1. Repairing and Replacing

Once the problem is pinpointed, electricians will have to fix or repair the light fixture, control system, motor, or whatever part of the system is causing the problem. This can be challenging as the failed components are often located behind walls or other areas that are difficult to access.

While in many cases these repairs and replacements are to fix old or broken equipment, sometimes it is to comply with new state regulations or new standards for environmentally-friendly technologies.

  1. Conforming to the Code

Every building must adhere to local and state regulations based on the National Electric Code, and every electrician should have a working knowledge of its rules. From the minimum number of branches that must be used in branch circuit to the acceptable number of conductors that can be put inside conduit, the code contains a number of specifications.

  1. Showing Others the Ropes

In addition to fulfilling all of the above job responsibilities, electrical technicians will often have to teach all these tasks to an apprentice. They must also monitor the apprentice’s work and keep track of their progress.

Required Skills for an Electrical Technician

In addition to a solid knowledge of their field, electrical technicians are required to have the following abilities:

  • Mechanical skills. Those who can take apart — and successfully reassemble — gadgets are often well suited for the profession. Those who become flustered from simple do-it-yourself projects may want to consider another field.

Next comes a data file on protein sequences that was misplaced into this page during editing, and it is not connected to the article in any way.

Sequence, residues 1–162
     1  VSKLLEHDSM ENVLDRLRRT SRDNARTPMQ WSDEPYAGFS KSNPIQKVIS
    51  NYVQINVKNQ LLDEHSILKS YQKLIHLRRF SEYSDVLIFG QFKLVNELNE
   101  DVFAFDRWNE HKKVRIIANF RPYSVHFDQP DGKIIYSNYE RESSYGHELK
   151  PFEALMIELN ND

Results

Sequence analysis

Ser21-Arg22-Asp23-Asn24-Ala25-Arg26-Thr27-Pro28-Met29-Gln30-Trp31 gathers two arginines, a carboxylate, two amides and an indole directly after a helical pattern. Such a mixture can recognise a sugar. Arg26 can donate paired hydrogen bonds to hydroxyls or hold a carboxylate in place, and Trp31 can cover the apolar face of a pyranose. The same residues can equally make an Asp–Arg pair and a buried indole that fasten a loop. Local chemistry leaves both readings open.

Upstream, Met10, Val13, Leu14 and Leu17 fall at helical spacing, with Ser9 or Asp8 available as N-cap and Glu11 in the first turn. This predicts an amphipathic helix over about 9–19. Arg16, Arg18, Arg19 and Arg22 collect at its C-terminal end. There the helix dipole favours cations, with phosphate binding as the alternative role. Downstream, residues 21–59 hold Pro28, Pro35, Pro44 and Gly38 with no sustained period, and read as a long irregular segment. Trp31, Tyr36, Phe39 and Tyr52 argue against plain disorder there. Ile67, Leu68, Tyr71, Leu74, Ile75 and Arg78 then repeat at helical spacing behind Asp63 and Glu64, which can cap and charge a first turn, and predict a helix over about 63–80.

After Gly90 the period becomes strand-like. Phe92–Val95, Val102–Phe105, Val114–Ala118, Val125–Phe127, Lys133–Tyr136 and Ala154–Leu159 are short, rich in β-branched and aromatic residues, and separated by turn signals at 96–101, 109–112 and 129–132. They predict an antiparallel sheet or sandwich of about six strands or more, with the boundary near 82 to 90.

• Problem-solving skills. Once their training period ends, electricians are expected to diagnose electrical problems and come up with ways to solve them. Assessing the strengths and weaknesses of potential solutions and choosing the most appropriate one is essential.
  • Reading comprehension and writing skills. Electricians often receive work orders through written communications such as email. Interpreting these verbal instructions can be essential for finishing a job properly. They must also be able to clearly communicate the work they’ve done to other electricians who may work on the project after them. For this reason, some companies require electricians to maintain inventory records or job performance logs.
  • Business skills. Electricians are routinely required to send invoices, track inventory, and manage employees. Mastering these skills is especially useful if they want to advance to supervisory roles.
  • Customer service skills. Many electricians work directly with customers at residences and private businesses, so they must be able to interact with customers, answer their questions, and properly address their needs.